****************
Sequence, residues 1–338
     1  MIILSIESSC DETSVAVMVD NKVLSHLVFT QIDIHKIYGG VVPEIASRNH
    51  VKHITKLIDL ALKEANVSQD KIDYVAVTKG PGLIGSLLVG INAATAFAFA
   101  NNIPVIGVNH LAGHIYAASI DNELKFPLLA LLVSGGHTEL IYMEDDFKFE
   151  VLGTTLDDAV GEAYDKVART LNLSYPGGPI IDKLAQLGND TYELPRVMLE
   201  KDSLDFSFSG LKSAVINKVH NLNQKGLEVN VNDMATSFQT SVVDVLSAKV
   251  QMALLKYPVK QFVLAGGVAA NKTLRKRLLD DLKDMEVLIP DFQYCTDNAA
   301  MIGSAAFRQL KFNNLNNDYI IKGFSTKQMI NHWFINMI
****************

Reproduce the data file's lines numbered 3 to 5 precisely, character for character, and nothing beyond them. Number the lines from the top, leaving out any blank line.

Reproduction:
    51  VKHITKLIDL ALKEANVSQD KIDYVAVTKG PGLIGSLLVG INAATAFAFA
   101  NNIPVIGVNH LAGHIYAASI DNELKFPLLA LLVSGGHTEL IYMEDDFKFE
   151  VLGTTLDDAV GEAYDKVART LNLSYPGGPI IDKLAQLGND TYELPRVMLE